The mental health IOP for bipolar offers structured therapy without the need for hospitalization. This means patients can remain in their homes, surrounded by familiarity and comfort, and yet receive rigorous therapeutic support. It’s similar to learning how to navigate a river with a seasoned guide, ensuring safety while also embracing the unpredictability of the journey.

Such programs typically involve group therapies, individual counseling, and education about the disorder. The beauty of the mental health IOP for bipolar is its blend of structure and flexibility, allowing patients to integrate treatment into their daily lives.

The Road Ahead

Understanding conditions like Bipolar II is a significant step forward in mental health. For those diagnosed, the statistics may seem daunting. However, the increase in specialized treatments such as the mental health IOP for bipolar is encouraging.

In one’s journey with Bipolar II, it’s essential to remember that, just like the seasons that shift from winter to spring, from fall to summer, the seasons of the mind too can change. With understanding, treatment, and support, individuals with Bipolar II can lead fulfilling lives, ones where they navigate their emotions and not the other way around.

What Now?

The journey towards balance, understanding, and wellness is within your grasp. Embrace the opportunity to navigate the intricate terrains of your mind with skilled guides beside you.

Call Lido Wellness Center, your mental health IOP, at 949-541-8466. Let today be the day you choose to begin the path towards serenity and understanding. Remember, in the vast tapestry of human emotions, there’s a thread of hope, strength, and healing waiting for you.

This entry was posted in Bipolar Disorder on by .
puzzle pieces, against a wooden background, needing help for completion. This image signifies the complexity and multifaceted nature of RAD

Spotting and Treating Reactive Attachment Disorder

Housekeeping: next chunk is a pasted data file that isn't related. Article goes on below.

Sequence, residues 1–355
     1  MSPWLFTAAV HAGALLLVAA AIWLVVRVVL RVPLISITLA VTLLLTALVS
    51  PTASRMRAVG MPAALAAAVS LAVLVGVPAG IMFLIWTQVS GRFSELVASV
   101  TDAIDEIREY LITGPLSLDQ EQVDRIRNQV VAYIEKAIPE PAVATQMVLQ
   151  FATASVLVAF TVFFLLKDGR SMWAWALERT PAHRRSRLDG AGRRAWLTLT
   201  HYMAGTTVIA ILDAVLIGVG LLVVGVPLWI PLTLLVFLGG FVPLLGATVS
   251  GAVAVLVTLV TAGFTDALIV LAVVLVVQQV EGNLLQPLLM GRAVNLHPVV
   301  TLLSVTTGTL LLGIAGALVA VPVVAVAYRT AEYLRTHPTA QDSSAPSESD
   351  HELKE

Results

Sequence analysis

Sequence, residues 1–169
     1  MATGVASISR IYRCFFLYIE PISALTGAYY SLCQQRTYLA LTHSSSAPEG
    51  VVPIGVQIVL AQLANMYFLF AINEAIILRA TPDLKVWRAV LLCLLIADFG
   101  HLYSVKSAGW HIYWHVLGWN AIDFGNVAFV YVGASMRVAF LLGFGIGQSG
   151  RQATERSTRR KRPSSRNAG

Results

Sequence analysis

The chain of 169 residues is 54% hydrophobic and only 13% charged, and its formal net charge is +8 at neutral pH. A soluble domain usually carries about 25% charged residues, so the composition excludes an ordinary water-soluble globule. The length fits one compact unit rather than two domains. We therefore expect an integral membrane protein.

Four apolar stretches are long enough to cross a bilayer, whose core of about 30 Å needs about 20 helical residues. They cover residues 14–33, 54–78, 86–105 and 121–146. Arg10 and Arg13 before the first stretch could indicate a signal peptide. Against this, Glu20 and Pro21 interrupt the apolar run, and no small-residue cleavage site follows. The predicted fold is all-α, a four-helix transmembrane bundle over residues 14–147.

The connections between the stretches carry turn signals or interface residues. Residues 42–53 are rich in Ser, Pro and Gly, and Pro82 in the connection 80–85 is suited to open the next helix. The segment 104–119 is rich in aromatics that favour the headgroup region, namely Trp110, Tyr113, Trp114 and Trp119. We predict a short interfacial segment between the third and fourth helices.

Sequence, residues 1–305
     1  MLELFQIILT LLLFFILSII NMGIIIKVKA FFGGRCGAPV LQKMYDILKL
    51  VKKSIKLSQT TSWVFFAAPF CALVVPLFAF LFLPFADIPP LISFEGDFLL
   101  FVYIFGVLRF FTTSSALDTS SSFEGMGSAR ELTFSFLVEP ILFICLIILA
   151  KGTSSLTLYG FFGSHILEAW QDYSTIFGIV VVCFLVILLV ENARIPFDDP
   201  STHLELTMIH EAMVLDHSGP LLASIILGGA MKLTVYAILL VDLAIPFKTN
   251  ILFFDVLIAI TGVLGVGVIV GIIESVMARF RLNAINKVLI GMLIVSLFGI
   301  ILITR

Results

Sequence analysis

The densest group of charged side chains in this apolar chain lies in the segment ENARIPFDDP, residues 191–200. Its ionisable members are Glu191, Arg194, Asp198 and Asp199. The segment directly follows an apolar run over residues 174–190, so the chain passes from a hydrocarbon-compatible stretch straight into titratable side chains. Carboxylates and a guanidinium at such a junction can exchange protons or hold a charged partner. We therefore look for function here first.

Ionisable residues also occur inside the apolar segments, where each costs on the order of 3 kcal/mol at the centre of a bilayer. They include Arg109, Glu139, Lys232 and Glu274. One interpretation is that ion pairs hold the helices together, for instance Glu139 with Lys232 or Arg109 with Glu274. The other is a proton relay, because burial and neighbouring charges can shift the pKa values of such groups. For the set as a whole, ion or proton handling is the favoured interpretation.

One of the beauties of childhood is the new creation. The blossoming personhood that grows from every new experience, joy and sorrow alike. Reactive Attachment Disorder is a haunting testament to the profound impact early relationships have on a child’s emotional and psychological development.

But before diving deep into this topic, let’s first understand what RAD is and what it isn’t.

What Is Reactive Attachment Disorder?

Reactive Attachment Disorder occurs in children who have not formed a healthy emotional attachment to their primary caregivers during their early years. It could be a result of neglect, abuse, or frequent changes in caregivers. Whatever the reason the bonds are not created between the child and their parents (or caregivers).

RAD does not occur intentionally on the child’s part. It’s not like the child is intentionally getting revenge or feeling like they are wronged, its more about understanding that when a child’s basic needs for comfort, affection, and nurturing aren’t met, they learn to protect themselves by distancing from others.

But what does this really look like in the real world? It’s not the emotional tantrums we all sometimes feel like throwing. It’s more complex than that.

Spotting Reactive Attachment Disorder

It’s easy to label a child as “difficult” or “misbehaving” when they show signs of RAD, but beneath that exterior is a cry for connection. Some common signs to look for include:

  • Avoiding comfort: A child with RAD might recoil from touch or resist being comforted, especially during distress.
  • Failure to smile: They might not show genuine joy or happiness, even when it’s expected.